More on Canadian magazines

With all of this brouhaha around Canadian magazines, I thought it would be a good idea if I actually started writing about them. I read many Canadian literary magazines. I enjoy them, obviously, because I like new short fiction and I like poetry and I like reading reviews of books. I also read them because I’m a writer, and I would like to get published, and in order to get published I need to know what kind of stuff specific journals are looking for. I don’t want to submit a coming of age story about a girl in the suburbs to a magazine that focuses on experimental poetry. That would be embarrassing. And a waste of an editor’s time.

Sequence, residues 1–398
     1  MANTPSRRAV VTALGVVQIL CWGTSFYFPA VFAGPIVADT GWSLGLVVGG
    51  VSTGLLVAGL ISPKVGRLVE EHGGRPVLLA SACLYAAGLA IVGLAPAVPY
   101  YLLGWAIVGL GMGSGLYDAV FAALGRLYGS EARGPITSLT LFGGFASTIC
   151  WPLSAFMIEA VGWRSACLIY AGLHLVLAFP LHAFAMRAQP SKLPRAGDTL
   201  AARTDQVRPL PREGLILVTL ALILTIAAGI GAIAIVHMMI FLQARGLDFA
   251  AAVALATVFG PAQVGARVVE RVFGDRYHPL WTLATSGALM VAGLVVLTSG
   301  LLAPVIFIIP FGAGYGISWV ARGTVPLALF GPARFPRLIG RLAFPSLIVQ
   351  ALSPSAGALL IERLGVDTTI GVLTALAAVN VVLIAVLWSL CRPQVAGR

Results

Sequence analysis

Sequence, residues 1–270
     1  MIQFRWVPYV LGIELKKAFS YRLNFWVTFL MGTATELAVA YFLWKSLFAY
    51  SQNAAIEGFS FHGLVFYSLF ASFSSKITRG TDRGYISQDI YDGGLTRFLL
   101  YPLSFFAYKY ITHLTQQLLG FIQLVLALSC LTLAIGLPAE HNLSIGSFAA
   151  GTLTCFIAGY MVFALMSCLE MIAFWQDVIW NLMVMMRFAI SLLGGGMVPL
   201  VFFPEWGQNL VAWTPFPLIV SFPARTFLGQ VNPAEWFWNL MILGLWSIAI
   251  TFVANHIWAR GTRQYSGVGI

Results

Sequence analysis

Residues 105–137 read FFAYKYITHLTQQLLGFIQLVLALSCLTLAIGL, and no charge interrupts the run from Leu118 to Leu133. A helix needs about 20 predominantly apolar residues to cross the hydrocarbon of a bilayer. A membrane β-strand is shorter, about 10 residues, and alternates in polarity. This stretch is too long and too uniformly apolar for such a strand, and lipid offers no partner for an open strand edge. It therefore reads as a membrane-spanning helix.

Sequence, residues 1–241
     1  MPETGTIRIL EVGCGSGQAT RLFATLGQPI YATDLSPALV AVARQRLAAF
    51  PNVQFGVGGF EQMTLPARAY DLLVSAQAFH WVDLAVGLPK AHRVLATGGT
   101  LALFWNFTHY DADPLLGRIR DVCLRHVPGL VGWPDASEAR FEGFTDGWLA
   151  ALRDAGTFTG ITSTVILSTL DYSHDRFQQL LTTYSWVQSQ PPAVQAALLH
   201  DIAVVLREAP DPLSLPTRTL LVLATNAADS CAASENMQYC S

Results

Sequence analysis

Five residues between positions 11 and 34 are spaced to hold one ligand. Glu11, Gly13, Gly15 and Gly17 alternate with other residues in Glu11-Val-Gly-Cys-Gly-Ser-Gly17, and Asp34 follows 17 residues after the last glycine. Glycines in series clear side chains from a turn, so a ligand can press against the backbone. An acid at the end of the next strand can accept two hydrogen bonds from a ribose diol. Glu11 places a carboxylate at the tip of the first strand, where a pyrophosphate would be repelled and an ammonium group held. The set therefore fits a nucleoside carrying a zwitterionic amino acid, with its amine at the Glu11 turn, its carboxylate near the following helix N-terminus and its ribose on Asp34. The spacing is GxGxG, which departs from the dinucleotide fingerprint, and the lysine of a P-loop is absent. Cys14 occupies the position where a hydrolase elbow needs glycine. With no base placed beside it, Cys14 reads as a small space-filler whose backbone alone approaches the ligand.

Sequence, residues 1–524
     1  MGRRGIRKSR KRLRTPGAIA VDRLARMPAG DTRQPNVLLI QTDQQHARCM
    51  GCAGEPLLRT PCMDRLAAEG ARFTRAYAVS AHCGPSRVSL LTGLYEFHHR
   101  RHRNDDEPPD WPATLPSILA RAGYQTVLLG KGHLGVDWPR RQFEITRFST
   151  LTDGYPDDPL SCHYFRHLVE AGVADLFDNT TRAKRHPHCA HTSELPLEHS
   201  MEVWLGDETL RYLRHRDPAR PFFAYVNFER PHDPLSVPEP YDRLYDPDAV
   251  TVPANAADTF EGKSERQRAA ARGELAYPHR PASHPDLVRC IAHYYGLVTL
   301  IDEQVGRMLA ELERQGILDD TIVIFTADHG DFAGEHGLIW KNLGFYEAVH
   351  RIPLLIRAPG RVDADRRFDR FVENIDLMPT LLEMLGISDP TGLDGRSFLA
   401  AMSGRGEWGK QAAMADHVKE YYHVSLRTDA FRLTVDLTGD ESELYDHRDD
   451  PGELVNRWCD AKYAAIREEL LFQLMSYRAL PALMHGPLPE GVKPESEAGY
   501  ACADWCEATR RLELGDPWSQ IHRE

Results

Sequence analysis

I get some magazines delivered right to my mailbox – stuff like The Malahat Review, Room Magazine, Geist, This Magazine, Matrix – and others I pick up along the way at bookstores (i.e. Book City or Pages in Toronto, Paragraphe in Montreal, but in a pinch Chapters or Indigo generally has a copy or two of certain lit mags in their shelves) or events like Expozine or The Blue Met.